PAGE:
Ben Bernanke is bugging me. His Federal Reserve is completely ignoring one of its mandates in a futile attempt to dodge the consequences of years of loose lending and lackadaisical regulation.

The Federal Reserve has three objectives: maximum employment, stable prices, and moderate long-term interest rates. At this point, they seem far more focused on saving banks and hedge funds from their own ludicrous mistakes (perhaps under the guise of pursuing maximum employment) than on ensuring that prices don't go through the roof.

Pit or pendulum?
Let's look at the stats. From 1991 to 2006, annual inflation -- as measured by the consumer price index -- averaged 2.6%. The highest annual inflation during those 16 years was 3.4% in 2000, at the peak of one of the longest expansions in history.

That all changed last year, when we hit a 4.1% inflation rate. And the trend is worsening. The 12 months ended in January had a 4.3% rate, and month-over-month inflation was about 6.1% annualized. The Fed's response? Totally ignore skyrocketing prices. Stimulate the economy by cutting interest rates.

True, there is a housing bust and debt crisis going on right now. I know that, and so does Bernanke. People who bought houses that they couldn't afford are struggling. Lenders who gave them money are finding it tough, too. Some might say that their suffering will encourage both of these parties to stop doing stupid things. Instead, the Fed is desperately trying to solve their short-term problems, regardless of the long-term consequences to the rest of the country.

Politically, it makes sense. The average person probably doesn't understand the evils of inflation, except when he or she is temporarily outraged at the price of gas. And at times like these, inflation can disguise many of the market's ills. If you have high inflation, then while home prices might fall a massive amount in real terms, they won't fall nearly as much in nominal terms.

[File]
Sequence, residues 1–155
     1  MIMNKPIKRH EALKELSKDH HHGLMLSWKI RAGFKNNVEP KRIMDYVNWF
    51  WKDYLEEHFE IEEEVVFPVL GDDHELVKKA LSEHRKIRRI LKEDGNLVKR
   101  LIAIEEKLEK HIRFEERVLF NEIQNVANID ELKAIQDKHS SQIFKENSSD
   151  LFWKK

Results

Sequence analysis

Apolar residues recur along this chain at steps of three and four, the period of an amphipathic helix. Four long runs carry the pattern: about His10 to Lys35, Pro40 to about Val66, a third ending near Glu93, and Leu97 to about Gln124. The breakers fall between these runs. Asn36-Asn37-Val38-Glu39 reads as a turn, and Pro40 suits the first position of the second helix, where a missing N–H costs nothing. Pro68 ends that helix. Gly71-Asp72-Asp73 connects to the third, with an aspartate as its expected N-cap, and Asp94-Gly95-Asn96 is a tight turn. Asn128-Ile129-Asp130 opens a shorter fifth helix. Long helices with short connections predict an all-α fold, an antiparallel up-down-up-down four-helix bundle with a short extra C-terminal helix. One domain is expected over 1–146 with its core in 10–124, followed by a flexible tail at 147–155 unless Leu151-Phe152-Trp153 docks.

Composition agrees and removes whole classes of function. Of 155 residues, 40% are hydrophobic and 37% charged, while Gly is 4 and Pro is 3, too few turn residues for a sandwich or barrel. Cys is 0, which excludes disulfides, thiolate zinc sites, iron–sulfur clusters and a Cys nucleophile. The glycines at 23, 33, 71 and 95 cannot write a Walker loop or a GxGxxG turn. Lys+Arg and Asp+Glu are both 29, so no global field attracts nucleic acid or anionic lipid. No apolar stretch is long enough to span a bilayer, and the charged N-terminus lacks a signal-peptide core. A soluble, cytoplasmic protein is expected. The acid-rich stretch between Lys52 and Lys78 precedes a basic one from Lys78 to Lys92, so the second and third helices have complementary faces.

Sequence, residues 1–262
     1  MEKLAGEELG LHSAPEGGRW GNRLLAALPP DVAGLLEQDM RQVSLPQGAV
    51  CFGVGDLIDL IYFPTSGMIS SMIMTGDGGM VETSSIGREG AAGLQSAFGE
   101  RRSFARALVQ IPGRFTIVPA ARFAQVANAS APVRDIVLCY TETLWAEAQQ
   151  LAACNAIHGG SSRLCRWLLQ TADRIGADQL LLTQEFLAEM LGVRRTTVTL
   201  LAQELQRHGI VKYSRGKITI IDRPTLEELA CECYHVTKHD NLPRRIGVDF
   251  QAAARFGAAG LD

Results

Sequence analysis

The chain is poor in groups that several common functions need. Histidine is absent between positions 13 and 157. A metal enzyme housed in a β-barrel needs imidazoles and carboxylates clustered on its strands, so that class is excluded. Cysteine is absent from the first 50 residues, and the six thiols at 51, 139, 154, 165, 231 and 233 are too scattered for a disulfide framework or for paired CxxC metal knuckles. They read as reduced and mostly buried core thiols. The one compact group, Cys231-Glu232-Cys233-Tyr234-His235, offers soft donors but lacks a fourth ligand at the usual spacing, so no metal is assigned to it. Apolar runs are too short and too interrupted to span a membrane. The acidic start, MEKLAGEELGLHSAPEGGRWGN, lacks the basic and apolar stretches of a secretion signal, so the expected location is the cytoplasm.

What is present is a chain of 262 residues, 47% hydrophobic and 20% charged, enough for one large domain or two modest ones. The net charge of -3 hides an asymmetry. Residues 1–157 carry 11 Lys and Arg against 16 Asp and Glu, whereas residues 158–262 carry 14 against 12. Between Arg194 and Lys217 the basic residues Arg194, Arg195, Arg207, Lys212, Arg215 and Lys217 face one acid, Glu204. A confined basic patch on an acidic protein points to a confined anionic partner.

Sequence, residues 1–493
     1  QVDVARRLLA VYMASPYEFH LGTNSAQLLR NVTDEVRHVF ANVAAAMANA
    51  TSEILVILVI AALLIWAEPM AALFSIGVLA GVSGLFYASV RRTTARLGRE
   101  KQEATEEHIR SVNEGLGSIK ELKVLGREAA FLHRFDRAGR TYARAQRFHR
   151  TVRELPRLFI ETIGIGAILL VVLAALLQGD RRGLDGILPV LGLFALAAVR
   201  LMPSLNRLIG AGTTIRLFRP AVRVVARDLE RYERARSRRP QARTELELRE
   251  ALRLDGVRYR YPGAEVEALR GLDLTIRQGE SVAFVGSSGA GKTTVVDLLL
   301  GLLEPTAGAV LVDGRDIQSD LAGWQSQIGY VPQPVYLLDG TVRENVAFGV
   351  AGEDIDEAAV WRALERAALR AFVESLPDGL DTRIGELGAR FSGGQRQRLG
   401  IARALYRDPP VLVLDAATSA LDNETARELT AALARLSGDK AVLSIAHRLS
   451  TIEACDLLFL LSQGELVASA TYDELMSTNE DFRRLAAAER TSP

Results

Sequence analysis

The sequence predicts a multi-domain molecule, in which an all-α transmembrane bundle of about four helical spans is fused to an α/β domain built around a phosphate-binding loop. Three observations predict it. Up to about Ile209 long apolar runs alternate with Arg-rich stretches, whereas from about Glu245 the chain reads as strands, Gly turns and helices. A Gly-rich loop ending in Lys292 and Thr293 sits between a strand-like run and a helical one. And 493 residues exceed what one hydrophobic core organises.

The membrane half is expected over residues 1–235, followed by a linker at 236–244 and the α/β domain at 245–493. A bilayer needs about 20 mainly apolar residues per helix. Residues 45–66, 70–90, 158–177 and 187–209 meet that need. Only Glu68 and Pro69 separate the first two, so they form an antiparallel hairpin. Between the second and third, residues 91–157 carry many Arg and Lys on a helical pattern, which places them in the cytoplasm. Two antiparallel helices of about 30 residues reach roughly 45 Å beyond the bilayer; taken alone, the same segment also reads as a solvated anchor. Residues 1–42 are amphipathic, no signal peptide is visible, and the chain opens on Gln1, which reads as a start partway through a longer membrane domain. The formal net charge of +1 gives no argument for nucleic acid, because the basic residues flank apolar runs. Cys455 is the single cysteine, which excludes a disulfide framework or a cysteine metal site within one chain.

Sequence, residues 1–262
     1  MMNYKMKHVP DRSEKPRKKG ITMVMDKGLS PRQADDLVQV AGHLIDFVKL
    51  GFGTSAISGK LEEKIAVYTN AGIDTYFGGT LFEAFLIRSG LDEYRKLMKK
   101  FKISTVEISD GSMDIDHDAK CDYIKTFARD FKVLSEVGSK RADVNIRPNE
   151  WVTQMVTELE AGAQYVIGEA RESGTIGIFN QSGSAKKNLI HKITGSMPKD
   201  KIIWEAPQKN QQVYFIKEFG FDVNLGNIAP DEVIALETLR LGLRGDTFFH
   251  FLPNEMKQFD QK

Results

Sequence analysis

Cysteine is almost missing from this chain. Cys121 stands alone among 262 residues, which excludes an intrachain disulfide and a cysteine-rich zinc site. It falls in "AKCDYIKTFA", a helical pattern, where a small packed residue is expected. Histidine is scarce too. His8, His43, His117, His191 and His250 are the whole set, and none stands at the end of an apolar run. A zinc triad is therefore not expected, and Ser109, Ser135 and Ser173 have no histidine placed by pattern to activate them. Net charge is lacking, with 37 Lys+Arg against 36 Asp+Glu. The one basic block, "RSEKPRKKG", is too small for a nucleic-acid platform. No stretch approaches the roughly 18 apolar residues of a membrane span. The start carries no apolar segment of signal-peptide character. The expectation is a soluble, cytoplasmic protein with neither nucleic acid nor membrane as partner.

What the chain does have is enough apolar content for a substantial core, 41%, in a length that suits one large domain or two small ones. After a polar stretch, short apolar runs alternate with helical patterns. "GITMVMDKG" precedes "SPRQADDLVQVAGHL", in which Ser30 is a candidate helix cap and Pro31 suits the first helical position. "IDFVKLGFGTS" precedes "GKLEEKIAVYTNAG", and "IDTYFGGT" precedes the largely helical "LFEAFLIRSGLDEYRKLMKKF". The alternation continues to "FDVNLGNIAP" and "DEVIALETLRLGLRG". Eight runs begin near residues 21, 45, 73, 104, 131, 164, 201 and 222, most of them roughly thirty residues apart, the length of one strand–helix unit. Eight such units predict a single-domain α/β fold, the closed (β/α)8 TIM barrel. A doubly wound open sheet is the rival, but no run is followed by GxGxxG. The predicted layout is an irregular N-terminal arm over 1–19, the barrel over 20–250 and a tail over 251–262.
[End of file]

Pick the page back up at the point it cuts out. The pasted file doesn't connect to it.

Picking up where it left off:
The big losers
The problem is that it will be hard to stimulate the economy with low rates while inflation is spiking. In fact, inflation fears could actually cause long-term lending rates to increase. After all, would you lend money for the long term at a rate lower than inflation? Every year, in real terms, you'd be losing ground on that investment. As a result, businesses that rely on borrowing to fund their growth may find it harder to raise capital even though the Fed is cutting interest rates.

What's more, the people who will be hurt by these pro-inflation policies won't be the speculators who pushed up home prices to unsustainable levels or the banks that enabled them. Instead, prudent Americans will suffer. Retirees who worked for a lifetime, for example, will see the purchasing power of their nest eggs shrink as prices rise.

Anti-inflation investing
Now, the high inflation scenario isn't a certainty. Maybe the economy is slowing enough that inflation will fall. Maybe, despite spiking commodity prices, we've actually seen the peak in inflation. I sure hope so.

But if you're an investor, you should have a plan for living in a world of higher inflation. In that world, long-term bonds at today's yields will probably be dreadful investments, potentially offering negative real returns.

Instead, focus on stocks. Look for companies that don't need to buy increasingly expensive commodities to manufacture their products. Buy high quality businesses with solid competitive positions that can increase prices as costs increase.

General Motors (NYSE: GM), with exposure to steel and fierce competition from Toyota (NYSE: TM) and other foreign manufacturers, will probably have a hard time. But oil should be a natural hedge against inflation, so ExxonMobil (NYSE: XOM) should be fine.

Pharmaceuticals such as Pfizer (NYSE: PFE) and Merck (NYSE: MRK) should also do well, since their patents will protect them from competition and consumers will pay what they need to for health care. Similarly, companies with strong consumer brands, such as PepsiCo (NYSE: PEP) and Procter & Gamble (NYSE: PG) should have enough pricing power to raise prices to match inflation. People will eat, drink, and brush their teeth, even in inflationary times.

The Foolish bottom line
If you buy these kinds of companies cheaply, then you'll win either way. Should inflation continue to increase, you'll be covered. If it doesn't, then you'll still own a great company at an excellent price -- a combination that should result in extraordinary returns.

Many of our Inside Value recommendations are tailor-made for this sort of strategy. So if you're looking for stocks that can both support your portfolio in an inflationary environment and provide the huge returns that you can get from undervalued stocks, I invite you to try a 30-day free trial to Inside Value.

Fool contributor Richard Gibbons is at least twice as incensed about Greenspan as he is about Bernanke. Richard does not have a position in any of the stocks in this article. Pfizer is an Inside Value pick and an Income Investor pick. The Fool disclosure policy makes great bedtime reading!